This Recession Is Over

Print Email

No one wants to say the recession is over. It would be bad luck. The minute a prominent economist or the head of the Fed or Treasury Secretary calls an end to the downturn, some new piece of data will prove the claim to be wrong. That would make someone look like a fool. That fear of foolishness will allow the notion that the economy is coming out of a recession to persist for several months or even several quarters. The organization that determines whether the economy is officially in a downturn, the National Bureau of Economic Research, will not have the data to determine whether the recession is over until it can look at more than one quarter of GDP data. The NBER defines a recession as “a significant decline in activity spread across the economy, lasting more than a few months, visible in industrial production, employment, real income, and wholesale-retail trade.” It will take almost forever  for the NBER to gather the information necessary to declare a formal end to the current recession.

The data collection problem leaves economists and government officials with only the tools of deduction to tell them if GDP has begun to move up again and whether the improvement can be sustained. Durable goods and housing data have been encouraging. The Fed Beige Book data was positive but inconclusive. The reports from the twelve Fed regional banks, according to the agency, “indicated that the pace of decline has moderated since the last report or that activity has begun to stabilize, albeit at a low level.”

President Obama is hinting, and hinting strongly, that he believes that the recession has come close to running its course.  The president, like everyone else, is relying on data from the past, so he is bound to be cautious. He commented at a public meeting in North Carolina that “we may be seeing the beginning of the end of the recession.” He has probably been getting advice from economists who predict that the downturn will end this quarter and that the fourth quarter should show extremely modest growth.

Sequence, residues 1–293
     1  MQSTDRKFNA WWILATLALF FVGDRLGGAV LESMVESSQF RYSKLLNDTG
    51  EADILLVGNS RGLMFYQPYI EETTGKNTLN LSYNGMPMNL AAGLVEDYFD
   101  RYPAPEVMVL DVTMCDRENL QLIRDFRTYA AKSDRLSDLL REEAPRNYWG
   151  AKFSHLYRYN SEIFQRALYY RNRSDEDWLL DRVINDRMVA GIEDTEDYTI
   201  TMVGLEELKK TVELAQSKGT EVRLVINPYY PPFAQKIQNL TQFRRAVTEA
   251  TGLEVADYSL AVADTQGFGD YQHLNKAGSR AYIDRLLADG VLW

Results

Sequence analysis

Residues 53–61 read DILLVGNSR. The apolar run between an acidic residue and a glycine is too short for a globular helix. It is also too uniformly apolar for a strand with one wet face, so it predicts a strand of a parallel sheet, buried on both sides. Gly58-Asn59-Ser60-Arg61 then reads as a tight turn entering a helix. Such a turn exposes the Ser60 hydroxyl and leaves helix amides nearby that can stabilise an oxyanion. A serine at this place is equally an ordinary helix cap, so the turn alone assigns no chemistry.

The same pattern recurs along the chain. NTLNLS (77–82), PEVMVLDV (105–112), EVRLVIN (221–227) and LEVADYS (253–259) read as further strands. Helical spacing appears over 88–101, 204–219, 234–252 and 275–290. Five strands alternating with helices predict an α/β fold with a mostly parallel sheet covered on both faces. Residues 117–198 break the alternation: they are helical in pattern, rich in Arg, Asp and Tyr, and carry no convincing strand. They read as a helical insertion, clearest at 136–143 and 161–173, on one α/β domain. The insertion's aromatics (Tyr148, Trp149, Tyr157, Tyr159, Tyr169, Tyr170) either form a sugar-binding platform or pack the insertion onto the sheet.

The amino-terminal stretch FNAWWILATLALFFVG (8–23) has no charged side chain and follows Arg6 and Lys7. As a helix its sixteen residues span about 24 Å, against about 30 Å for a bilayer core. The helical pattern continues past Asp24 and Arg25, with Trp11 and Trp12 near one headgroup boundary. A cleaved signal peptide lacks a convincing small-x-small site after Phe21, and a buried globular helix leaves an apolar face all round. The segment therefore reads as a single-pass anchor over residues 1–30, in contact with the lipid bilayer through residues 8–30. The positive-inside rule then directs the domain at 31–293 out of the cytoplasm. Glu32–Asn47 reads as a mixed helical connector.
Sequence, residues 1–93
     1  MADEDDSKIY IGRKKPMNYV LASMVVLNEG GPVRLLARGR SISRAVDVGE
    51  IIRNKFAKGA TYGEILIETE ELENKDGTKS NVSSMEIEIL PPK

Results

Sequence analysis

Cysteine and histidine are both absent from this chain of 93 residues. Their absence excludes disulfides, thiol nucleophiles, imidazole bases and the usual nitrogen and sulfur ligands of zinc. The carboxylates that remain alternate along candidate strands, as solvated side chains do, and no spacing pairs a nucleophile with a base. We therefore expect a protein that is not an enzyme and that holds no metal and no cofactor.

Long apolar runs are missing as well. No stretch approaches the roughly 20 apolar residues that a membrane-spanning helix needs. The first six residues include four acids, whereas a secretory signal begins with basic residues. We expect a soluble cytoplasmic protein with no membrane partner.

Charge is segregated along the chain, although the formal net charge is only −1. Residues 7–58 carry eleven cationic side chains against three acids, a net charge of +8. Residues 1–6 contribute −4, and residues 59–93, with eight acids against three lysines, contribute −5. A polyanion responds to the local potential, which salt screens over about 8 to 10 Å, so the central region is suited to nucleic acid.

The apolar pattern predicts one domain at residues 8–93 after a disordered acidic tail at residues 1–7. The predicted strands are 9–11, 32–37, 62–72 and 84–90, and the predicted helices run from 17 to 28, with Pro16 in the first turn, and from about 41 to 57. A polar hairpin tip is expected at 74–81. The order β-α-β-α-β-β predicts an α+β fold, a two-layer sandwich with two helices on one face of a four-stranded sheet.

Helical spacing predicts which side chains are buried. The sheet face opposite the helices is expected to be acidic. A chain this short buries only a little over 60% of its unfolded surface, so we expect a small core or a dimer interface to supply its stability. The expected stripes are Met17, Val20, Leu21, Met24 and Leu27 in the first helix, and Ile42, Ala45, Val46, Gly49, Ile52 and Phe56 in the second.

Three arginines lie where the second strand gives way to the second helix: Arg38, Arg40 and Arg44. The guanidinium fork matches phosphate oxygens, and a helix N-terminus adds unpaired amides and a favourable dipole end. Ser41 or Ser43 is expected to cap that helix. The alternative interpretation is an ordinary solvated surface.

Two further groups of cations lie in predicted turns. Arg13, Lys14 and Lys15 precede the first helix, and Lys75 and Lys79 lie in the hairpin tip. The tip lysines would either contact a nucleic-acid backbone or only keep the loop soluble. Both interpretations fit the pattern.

There is enough data in at this point to say with a reasonable amount of authority that the economy bottomed this summer and that this recession is over. The question that the government and experts face is whether the recovery will last for several years or only several months. There is a powerful argument to be made that a new downturn could begin before the middle of 2010. Unemployment would be the cause of another downward spiral and the government figures for July, August, and September will be an excellent barometer of whether the recovery will be and can be sustained. A sharply slowing pace of job cuts should give the $787 billion stimulus package time to take hold and begin to create new jobs and capital spending. Job losses of 500,000 or more in each of the three months will take unemployment well above 10% and indicate that businesses are still facing slow sales and poor access to credit, factors that would be strong enough to keep them from hiring.  The most cash-starved businesses and those under shareholder pressure to perform well will continue to fire people until they have no practical way to operate with less staff. It was almost lost in the Yahoo! (YHOO) news when Microsoft’s (MSFT) CFO said, referring to cost cuts at the world’s largest software company, “This is not a crash diet where you stop eating for a couple of quarters — this is a new diet regime where you slim down and stay slim.” Microsoft can obviously afford to spend money that almost no other firm in the world can and even it is not talking like a company that plans to add a lot of new employees.

Banks are lending and even though the lending is modest, it is not like the fourth quarter of last year when the credit markets were completely locked up. Businesses can raise money now, if they are viewed as viable even if the economy is slow for another year. These companies may have to pay relatively high interest rates, but there is a growing market for corporate debt. That market will be damaged if banks begin to do very badly again due to commercial real estate and consumer debt write-offs. The banking system could go into a crisis again, not as bad as the crisis of eight months ago, but bad enough to cut off any reasonable amount of lending.

Now that the recession is over, analysts and the government can watch bank earnings and unemployment statistics. There are a lot of other figures that experts can hope will be better than expected, numbers that economists can examine for clues. But, each time a job is lost or a bank turns down a worthy request a loan, the next recession gets closer at hand.

Douglas A. McIntre